Wembley hero Nathan Dyer has praised Swansea chairman Huw Jenkins for standing by the passing philosophy which has served the club so well.
The Swans claimed their first major trophy as Dyer scored a brace and secured the man-of-the-match award in the 5-0 Capital One Cup final win over Bradford.
The victory capped the south Wales club's astonishing rise from the foot of the Football League to the top half of the Premier League in less than 10 years, a climb overseen at every step by chairman Jenkins.
Jenkins, part of a consortium of local supporters and businessmen who saved the club from oblivion in 2001, has shown himself to be a shrewd judge of managers and their ability to fit in with his desire to see Swansea adhere to their attractive style.
Consecutive appointments of Roberto Martinez, Paulo Sousa and Brendan Rodgers have paved the way for the current success under Michael Laudrup.
Dyer believes it is Jenkins' eye for detail in those situations which has made the difference, and could do so again as and when Laudrup eventually moves on.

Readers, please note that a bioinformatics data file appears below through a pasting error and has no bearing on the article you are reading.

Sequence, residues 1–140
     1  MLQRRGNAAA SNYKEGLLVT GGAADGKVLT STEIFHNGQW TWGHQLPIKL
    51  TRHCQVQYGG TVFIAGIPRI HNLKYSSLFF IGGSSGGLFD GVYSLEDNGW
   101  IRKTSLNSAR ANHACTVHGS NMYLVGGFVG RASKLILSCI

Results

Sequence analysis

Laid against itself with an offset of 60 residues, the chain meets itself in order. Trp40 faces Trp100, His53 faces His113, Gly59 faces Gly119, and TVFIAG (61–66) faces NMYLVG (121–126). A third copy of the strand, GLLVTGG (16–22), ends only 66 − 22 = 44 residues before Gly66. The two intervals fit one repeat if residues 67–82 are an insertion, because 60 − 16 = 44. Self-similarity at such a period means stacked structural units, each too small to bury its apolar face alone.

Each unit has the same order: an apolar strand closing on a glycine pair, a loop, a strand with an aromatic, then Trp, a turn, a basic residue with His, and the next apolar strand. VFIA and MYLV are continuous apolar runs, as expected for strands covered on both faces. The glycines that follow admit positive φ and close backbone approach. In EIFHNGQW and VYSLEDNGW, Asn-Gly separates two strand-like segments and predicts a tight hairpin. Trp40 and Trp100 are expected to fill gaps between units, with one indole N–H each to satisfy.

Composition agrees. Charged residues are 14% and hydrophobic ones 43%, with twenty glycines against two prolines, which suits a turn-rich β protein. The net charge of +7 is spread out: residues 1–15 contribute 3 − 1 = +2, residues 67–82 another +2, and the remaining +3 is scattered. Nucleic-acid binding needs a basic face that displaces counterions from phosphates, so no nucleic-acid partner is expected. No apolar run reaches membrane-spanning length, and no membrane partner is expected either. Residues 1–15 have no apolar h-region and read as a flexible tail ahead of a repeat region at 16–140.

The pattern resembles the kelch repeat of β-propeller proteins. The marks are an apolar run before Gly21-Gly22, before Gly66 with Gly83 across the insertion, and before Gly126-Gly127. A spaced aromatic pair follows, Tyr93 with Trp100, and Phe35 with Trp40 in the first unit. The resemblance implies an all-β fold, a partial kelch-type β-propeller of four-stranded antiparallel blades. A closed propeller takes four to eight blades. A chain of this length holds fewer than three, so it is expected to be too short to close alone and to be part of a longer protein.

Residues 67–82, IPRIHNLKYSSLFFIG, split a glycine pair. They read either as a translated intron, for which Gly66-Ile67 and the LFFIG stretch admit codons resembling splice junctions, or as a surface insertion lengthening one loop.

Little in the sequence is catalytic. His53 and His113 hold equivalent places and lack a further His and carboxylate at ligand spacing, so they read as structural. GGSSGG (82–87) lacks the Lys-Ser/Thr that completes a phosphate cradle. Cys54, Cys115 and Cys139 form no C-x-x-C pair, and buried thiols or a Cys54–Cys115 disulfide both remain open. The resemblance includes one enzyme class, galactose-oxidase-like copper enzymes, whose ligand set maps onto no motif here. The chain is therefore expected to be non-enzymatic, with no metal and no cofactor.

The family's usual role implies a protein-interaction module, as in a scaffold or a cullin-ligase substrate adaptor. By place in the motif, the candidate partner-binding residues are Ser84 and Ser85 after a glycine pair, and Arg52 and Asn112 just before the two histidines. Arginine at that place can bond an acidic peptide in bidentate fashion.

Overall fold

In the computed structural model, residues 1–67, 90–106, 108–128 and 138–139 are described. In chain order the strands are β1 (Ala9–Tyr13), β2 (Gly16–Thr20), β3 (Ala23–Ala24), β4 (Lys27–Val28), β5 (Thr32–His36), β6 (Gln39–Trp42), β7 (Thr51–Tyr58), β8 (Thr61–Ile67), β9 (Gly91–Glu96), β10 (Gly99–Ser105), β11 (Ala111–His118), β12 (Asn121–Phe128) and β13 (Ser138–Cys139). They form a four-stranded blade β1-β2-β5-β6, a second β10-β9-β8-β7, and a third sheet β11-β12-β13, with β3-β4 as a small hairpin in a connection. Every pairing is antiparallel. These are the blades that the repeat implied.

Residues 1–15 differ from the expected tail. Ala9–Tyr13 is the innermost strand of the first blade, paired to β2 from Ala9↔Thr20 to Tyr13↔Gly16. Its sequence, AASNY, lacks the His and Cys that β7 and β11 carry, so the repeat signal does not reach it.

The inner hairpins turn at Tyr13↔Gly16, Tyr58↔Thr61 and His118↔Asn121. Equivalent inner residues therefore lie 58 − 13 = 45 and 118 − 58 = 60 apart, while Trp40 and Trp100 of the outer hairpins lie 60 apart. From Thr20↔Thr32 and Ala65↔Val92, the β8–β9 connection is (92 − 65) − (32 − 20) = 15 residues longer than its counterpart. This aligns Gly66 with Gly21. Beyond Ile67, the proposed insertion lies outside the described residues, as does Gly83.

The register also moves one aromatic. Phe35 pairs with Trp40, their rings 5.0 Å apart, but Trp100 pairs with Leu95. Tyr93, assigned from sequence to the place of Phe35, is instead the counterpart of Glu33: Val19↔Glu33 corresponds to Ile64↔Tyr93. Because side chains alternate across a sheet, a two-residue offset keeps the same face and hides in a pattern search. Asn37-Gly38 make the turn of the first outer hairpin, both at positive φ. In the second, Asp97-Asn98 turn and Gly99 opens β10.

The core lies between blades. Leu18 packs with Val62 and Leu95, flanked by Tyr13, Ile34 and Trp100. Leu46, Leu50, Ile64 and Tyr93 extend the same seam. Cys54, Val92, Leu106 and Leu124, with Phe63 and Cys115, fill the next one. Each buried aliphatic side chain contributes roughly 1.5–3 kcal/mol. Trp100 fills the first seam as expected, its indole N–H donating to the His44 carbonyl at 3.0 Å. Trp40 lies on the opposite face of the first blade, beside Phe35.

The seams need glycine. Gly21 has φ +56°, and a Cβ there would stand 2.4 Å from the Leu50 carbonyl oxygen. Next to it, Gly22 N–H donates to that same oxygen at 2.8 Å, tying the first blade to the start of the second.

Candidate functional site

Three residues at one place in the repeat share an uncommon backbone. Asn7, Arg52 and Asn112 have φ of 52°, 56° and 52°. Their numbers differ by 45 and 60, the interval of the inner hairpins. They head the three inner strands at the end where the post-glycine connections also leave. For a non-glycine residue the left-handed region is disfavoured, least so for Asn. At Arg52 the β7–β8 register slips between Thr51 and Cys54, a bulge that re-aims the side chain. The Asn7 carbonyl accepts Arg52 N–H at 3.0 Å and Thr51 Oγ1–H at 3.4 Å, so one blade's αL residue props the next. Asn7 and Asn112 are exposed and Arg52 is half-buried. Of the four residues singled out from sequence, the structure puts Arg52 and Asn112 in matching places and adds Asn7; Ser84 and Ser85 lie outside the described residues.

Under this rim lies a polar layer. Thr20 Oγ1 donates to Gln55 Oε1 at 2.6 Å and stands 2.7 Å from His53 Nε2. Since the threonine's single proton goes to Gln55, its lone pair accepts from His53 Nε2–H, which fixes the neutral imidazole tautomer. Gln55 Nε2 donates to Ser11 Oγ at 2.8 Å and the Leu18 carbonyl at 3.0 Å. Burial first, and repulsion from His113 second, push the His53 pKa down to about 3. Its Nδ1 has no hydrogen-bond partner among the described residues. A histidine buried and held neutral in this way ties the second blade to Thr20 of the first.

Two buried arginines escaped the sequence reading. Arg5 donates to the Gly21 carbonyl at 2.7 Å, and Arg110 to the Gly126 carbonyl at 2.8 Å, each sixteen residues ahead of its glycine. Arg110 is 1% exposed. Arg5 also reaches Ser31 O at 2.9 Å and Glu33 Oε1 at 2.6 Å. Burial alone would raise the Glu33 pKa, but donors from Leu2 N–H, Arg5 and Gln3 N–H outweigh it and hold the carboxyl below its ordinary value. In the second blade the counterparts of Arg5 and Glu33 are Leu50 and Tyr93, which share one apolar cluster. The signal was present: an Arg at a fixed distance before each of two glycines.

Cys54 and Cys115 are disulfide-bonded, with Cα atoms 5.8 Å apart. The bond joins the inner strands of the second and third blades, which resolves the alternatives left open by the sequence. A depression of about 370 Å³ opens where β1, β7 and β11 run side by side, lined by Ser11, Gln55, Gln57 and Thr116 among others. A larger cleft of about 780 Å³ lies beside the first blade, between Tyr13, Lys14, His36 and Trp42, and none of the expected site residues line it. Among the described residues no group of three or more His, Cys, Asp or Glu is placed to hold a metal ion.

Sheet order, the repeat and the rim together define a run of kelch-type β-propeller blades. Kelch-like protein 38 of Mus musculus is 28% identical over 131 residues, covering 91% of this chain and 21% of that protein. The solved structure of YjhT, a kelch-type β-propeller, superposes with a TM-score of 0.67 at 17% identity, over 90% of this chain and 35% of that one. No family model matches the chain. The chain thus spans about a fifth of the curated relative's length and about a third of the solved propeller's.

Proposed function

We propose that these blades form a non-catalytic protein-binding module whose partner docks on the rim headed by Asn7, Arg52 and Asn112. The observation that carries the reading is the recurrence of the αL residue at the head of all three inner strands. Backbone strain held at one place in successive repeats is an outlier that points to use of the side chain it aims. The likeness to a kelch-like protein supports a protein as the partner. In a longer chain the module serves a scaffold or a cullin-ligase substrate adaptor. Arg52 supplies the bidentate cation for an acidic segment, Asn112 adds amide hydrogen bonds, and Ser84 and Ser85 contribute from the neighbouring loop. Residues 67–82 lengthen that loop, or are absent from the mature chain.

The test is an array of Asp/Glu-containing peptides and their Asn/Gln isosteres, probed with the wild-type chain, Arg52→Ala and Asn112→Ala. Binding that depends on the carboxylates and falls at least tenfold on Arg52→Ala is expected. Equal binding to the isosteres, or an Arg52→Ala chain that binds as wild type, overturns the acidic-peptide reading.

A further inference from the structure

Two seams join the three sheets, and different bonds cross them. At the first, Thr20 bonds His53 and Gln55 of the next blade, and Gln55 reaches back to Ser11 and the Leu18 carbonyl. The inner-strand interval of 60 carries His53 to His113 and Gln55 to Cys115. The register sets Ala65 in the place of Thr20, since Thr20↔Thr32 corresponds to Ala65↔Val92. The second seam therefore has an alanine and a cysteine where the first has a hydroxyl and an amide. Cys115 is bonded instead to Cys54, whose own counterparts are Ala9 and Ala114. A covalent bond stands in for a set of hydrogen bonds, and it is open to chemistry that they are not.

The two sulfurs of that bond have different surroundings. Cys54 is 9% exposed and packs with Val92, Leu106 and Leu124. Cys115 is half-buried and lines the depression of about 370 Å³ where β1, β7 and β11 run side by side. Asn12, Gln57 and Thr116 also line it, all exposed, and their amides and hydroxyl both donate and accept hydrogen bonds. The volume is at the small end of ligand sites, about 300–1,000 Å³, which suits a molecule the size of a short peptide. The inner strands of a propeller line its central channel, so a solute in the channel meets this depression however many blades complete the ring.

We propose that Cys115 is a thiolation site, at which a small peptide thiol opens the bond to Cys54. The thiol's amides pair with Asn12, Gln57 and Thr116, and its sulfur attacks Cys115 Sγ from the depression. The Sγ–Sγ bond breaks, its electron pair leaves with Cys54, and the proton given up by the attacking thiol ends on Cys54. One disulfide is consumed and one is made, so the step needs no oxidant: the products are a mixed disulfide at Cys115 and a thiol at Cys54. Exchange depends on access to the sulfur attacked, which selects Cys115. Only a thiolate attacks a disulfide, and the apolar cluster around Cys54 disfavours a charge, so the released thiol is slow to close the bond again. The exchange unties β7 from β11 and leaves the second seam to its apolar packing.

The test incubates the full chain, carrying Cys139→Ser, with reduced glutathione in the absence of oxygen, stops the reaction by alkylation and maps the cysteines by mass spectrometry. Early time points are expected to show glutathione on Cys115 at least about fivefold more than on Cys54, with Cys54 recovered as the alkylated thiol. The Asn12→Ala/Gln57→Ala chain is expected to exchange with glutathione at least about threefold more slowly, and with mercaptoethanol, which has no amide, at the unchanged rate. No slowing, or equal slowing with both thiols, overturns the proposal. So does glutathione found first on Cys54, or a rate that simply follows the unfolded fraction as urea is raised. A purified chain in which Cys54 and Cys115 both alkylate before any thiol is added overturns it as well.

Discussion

He said: "Towards the end of last season with Brendan it was becoming inevitable he would leave given the progress we had made, and it would have been hard for him to turn down a move to a big club like Liverpool.
"But since I have been here I have had four managers and the chairman has brought in the right guy every time, so we have never taken a step back and he knows what he is doing.
"The chairman likes the philosophy and so do the fans so he will always find someone who wants to play good football, and as long as we do that, we will do well.
"Even when Brendan left we still had the players to play the right way, so just because we lost the manager last summer didn't mean we would be fighting relegation, that does not make sense."
The only blot on Dyer's day at Wembley was the row he had with Jonathan de Guzman over who would take Swansea's penalty after Bantams' keeper Matt Duke had been sent off.
Dyer felt he should have been allowed to take the spot-kick, and try to become the first man to score a hat-trick in a League Cup final.
"There was no designated penalty taker," he said.
"When you are on two goals and you have the chance of a hat trick in a final... it's every boy's dream and I thought I should have been given it, but I didn't and I was frustrated and annoyed.
"He had the ball, but we have talked it over and made up so it was just one of those things."